Cronulla, New South Wales
Cronulla is a beachside suburb of Sydney, in the state of New South Wales, Australia. Boasting numerous surf beaches and swimming spots, the suburb attracts both tourists and Greater Sydney residents. Cronulla is located 26 kilometres south of the Sydney central business district, in the local government area of the Sutherland Shire. Cronulla is located on a peninsula framed by Botany Bay to the north, Bate Bay to the east, Port Hacking to the south, Gunnamatta Bay to the west; the neighbouring suburb of Woolooware lies to the west of Cronulla, Burraneer lies to the southwest. The Kurnell peninsula, the site of the first landfall on the eastern coastline made by Captain James Cook in 1770, is reached by driving northeast out of Cronulla on Captain Cook Drive. Cronulla is derived from Abdi, meaning ‘‘place of the pink seashells’’ in the dialect of the area's Aboriginal inhabitants, the Gweagal, who were a clan of the Tharawal tribe of Indigenous Australians, they Inhabited the southern geographic areas of Sydney.
The beaches were named by Surveyor Robert Dixon who surveyed here in 1827-28 and, by 1840, the main beach was still known as Karranulla. In July 1852 the schooner Venus was wrecked on the beach, referred to in newspaper reports as Cooranulla. Matthew Flinders and George Bass explored and mapped the coastline and Port Hacking estuary in 1796 and the southernmost point of Cronulla is named Bass and Flinders Point in their honour. John Connell received a grant of 380 acres in 1835. Thomas Holt owned most of the land. Holt built Sutherland House on the foreshore of Gwawley Bay in 1818, on the eastern side of Sylvania. In 1888 master mariner Captain Joseph Henry Rounce Spingall became the pioneering resident of Cronulla when, with his family, he constructed the two storey'Oriental Guest House' on land above where today's North Cronulla Hotel sits; the Depression of 1890 and a lack of reliable transport access from Sutherland saw "The Captain's" pub sold. The Cronulla area was subdivided in 1895 and land was offered for sale at 10 pounds per acre.
In 1899, the government named the area Gunnamatta. On 26 February 1908, it was changed to Cronulla and Gunnamatta was used for the name of the bay, on the western side. After the Illawarra railway line was built to Sutherland in 1885, the area became popular for picnics and swimming. Steam trams operated between Cronulla and Sutherland from 1911. Many regulars rented beach houses at Cronulla every year for school holidays; the Oriental Hotel was built by Captain Spingall in 1888, on the present site of apartments behind the North Cronulla Hotel. The Cecil Hotel was located on the foreshore of South Cronulla and the Ritz Café was popular with holiday-makers; the Cecil Apartments were built on the former site of this hotel. The steam trams were replaced by the Cronulla branch of the Illawarra railway line when it opened in 1939; the post office opened in January 1891, known as Cronulla Beach, but closed in 1893. It reopened in 1907 and the name was changed to Cronulla in 1929; the Cronulla School of Arts was established in 1904.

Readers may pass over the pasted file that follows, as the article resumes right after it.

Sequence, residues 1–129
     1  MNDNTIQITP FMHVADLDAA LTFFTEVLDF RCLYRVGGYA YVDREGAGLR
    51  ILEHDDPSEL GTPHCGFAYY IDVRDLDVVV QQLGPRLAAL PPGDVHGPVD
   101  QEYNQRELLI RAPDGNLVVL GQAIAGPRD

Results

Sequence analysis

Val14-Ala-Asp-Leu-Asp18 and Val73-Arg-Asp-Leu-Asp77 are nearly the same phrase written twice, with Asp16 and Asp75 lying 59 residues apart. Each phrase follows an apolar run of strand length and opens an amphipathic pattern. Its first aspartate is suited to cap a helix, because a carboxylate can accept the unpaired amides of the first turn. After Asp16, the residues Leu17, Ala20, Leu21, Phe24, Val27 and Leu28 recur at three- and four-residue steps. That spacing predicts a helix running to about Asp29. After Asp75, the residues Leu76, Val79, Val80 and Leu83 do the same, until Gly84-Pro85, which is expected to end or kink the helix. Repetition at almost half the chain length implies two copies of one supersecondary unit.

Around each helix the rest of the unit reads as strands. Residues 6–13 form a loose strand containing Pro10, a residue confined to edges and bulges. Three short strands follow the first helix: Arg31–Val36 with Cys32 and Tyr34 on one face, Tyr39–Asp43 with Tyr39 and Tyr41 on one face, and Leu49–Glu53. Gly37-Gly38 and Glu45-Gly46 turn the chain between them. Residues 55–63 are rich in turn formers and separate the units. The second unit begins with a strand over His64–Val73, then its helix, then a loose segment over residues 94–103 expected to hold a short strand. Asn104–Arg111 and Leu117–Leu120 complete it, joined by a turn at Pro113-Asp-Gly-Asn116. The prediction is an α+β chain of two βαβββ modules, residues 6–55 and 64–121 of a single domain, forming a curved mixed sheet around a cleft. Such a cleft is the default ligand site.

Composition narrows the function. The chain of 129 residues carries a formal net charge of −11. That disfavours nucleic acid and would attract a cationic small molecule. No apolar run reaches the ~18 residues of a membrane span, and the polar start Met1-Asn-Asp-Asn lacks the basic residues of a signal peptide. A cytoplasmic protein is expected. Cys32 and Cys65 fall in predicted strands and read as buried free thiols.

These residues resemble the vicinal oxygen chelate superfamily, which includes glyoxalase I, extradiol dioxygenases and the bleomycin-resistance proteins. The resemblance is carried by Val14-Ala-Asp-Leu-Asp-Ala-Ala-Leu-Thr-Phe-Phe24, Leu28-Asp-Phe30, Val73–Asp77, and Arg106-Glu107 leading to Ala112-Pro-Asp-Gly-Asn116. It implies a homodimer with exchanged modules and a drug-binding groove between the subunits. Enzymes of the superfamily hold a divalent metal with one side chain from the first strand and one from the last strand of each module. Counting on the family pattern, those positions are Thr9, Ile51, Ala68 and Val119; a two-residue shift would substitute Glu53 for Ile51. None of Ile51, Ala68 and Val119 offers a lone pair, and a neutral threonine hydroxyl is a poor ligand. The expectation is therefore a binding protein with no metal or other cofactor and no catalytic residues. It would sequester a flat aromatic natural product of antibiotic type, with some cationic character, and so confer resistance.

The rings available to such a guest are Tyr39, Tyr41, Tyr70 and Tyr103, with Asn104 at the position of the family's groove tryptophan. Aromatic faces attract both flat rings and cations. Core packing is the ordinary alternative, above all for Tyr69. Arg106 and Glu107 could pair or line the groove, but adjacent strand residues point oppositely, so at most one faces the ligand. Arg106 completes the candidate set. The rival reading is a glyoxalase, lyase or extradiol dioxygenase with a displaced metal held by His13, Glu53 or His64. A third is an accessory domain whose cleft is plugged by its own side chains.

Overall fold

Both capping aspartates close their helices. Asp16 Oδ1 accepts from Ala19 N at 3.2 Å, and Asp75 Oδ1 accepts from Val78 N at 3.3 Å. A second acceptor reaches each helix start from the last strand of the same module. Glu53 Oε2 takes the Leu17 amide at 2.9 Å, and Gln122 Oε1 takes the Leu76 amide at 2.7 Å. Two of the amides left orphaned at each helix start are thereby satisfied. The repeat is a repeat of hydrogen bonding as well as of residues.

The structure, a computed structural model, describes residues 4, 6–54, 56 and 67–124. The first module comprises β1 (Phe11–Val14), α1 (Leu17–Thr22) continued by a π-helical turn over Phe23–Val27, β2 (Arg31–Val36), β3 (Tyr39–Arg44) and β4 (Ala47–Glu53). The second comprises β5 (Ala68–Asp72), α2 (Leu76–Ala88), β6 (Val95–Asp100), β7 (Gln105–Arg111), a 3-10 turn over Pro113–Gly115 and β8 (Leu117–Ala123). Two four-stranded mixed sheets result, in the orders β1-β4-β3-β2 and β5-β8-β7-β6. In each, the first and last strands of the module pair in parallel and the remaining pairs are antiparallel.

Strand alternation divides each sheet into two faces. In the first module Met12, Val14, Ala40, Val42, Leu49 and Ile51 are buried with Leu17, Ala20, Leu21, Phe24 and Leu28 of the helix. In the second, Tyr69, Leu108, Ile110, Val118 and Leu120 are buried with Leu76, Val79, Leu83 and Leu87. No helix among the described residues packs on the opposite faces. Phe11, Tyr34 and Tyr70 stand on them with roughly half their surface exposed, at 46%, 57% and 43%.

The original wooden building was demolished and replaced by the current School of Arts building in November 1912 and is now one of the oldest buildings in Cronulla. The first public school opened in 1910. In 1955, Cronulla Library opened. From the 1950s, many of the guest houses began being replaced by high rise flats. Though it developed as a residential area, Cronulla remained popular with beachgoers and tourists. Several hotels and serviced apartments operate today; the Cronulla Bicentennial Plaza opened in February 1989. In 2005 the beachfront at Cronulla was the scene of publicised mob disturbances and violent confrontations; these incidents continued over a number of days and spread to other areas in Sydney. Cronulla has a number of heritage-listed sites, including: Captain Cook Drive: Cronulla sand dunes Cronulla railway: Cronulla railway station 41 Cronulla Street: Cronulla Post Office 202 Nicholson Parade: Cronulla Fisheries Centre Cronulla is a popular tourist attraction and attracts many beachgoers from all over Sydney.
Cronulla Beach features a long stretch of sand that runs from Boat Harbour to North Cronulla, followed by rock pools and another sandy beach at South Cronulla. The beaches of Cronulla from north to south are: Boat Harbour, Wanda Beach, Elouera Beach, North Cronulla Beach, Cronulla Beach, Blackwoods Beach, Shelly Beach and Oak Park. Local names apply to various parts of the beach, such as The Alley, between Cronulla Beach and North Cronulla, The Wall, between North Cronulla and Elouera, between Elouera and Wanda, Greenhills, to the north of Wanda, near the mouth of the Port Hacking estuary, Voodoo Reef and The Point; the beaches are popular recreational areas for swimming, bodyboarding and other water sports. Shark Island, just off Cronulla Beach, is a famous surfing and bodyboarding spot, the site of the annual Shark Island Challenge bodyboarding contest. Gunnamatta Bay provides protected swimming at the baths off Gunnamatta Park. Port Hacking is a popular location for such water sports as wakeboarding.